On February 2, Trump officially banned anyone who had been in China over the previous 14 days from traveling to the US, telling Fox News’s Sean Hannity, “We pretty much shut it down coming in from China.” Eight days later, Trump said that the situation was under control at a campaign rally in Manchester, New Hampshire. “Looks like by April, you know, in theory, when it gets a little warmer, it miraculously goes away. I hope that’s true. But we’re doing great in our country. China, I spoke with President Xi, and they’re working very, very hard. And I think it’s going to all work out fine.”
Throughout February, Trump repeatedly said that people in the US were not in danger from the virus.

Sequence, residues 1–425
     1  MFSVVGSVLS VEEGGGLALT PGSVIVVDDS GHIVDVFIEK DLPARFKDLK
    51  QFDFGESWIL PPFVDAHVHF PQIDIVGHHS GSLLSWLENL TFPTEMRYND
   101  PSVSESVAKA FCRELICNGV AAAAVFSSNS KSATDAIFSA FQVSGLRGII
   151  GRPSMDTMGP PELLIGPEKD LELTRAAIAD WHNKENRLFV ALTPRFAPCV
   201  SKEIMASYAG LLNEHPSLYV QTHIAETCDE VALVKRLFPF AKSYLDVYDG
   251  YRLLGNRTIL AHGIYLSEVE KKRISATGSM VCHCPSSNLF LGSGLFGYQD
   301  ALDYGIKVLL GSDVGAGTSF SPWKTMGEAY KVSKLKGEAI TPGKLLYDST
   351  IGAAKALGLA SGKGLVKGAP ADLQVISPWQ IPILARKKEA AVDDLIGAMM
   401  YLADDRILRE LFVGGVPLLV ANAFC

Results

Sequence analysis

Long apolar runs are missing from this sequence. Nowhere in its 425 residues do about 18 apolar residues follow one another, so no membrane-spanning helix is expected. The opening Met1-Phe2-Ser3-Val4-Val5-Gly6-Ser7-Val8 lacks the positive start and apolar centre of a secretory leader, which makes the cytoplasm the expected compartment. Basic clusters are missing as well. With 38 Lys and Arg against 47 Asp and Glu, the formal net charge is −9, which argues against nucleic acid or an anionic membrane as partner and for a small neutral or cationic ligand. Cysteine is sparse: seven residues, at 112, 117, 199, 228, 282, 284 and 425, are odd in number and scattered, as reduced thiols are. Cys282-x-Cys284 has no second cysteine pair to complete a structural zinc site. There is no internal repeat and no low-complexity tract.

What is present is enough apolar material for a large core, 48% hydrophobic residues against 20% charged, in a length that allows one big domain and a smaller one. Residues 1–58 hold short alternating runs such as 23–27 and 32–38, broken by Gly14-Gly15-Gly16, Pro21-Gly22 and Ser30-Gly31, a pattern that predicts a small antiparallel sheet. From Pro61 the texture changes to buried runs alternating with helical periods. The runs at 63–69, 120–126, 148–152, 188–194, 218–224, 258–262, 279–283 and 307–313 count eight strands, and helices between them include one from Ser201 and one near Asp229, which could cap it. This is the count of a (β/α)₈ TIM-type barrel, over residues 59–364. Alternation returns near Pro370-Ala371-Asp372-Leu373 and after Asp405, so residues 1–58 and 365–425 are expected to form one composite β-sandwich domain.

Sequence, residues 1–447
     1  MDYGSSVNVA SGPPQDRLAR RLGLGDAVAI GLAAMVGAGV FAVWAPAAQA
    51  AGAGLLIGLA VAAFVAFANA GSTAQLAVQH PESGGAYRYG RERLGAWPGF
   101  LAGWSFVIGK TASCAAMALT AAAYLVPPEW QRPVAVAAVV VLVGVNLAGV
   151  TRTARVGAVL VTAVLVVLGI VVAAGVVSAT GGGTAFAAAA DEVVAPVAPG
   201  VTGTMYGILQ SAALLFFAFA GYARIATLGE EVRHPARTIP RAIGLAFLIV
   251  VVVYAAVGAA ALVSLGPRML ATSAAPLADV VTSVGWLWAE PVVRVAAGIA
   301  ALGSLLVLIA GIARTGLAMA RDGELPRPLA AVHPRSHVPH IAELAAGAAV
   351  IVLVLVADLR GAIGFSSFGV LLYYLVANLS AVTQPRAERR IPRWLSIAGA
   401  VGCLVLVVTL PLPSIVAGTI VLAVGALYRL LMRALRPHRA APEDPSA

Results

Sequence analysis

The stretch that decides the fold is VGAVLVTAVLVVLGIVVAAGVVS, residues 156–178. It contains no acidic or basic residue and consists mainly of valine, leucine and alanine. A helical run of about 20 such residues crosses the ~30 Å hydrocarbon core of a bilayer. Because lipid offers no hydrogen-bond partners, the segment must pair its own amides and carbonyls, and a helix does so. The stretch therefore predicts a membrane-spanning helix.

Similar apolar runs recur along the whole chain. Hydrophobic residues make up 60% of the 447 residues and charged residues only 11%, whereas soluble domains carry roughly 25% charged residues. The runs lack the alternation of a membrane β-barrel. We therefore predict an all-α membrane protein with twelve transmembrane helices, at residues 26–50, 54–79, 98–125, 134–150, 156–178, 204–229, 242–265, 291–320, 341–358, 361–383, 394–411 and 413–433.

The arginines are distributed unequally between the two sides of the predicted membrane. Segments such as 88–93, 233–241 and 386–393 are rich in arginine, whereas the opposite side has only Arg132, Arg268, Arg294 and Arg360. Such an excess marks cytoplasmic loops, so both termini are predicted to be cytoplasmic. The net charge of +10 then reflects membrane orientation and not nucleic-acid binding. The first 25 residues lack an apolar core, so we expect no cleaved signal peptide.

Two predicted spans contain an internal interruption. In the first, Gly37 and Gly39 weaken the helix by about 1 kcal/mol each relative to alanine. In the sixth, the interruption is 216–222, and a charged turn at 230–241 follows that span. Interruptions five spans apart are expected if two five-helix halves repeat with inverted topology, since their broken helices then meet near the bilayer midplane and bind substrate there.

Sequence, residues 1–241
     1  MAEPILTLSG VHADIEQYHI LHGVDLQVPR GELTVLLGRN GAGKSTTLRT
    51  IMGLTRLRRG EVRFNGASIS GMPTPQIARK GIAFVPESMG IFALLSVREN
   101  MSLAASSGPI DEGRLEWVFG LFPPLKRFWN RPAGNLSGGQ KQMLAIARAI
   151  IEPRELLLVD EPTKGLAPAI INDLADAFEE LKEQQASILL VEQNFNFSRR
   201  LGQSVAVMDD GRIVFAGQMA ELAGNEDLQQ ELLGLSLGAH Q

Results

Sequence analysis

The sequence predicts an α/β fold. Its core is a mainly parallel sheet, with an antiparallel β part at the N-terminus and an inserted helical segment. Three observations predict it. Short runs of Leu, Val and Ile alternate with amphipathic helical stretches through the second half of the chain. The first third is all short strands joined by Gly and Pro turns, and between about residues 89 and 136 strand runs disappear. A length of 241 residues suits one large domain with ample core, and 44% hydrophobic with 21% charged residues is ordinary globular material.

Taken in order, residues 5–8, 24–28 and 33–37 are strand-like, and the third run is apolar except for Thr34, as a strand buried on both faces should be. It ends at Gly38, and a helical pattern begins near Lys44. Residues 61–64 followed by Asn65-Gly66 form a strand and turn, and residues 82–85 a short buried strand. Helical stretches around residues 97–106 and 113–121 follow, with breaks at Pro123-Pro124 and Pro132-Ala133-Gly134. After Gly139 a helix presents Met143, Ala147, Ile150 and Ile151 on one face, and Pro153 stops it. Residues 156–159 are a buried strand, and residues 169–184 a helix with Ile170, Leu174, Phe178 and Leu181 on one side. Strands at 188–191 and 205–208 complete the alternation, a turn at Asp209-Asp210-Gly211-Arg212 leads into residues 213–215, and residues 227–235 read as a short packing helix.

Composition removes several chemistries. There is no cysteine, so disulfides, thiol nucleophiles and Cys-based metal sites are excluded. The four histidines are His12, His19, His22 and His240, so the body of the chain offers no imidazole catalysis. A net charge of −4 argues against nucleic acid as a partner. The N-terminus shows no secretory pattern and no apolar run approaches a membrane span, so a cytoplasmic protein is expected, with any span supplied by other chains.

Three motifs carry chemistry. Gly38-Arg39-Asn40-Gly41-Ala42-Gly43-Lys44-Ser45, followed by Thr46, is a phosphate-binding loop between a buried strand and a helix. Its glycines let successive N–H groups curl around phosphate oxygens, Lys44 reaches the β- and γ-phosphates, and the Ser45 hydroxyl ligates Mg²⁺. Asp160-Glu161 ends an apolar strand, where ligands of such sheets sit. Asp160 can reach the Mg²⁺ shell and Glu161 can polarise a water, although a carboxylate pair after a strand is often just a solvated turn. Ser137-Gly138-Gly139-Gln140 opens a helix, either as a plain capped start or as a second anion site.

The Coronavirus is very much under control in the USA. We are in contact with everyone and all relevant countries. CDC & World Health have been working hard and very smart. Stock Market starting to look very good to me!
— Donald J. Trump (@realDonaldTrump) February 24, 2020
It wasn’t until a March 16 press briefing that he introduced social distancing guidelines. “My administration is recommending that all Americans, including the young and healthy, work to engage in schooling from home when possible,” he told reporters. “Avoid gathering in groups of more than 10 people. Avoid discretionary travel. And avoid eating and drinking at bars, restaurants and public food courts. If everyone makes this change or these critical changes and sacrifices now, we will rally together as one nation and we will defeat the virus. And we’re going to have a big celebration all together. With several weeks of focused action, we can turn the corner and turn it quickly.”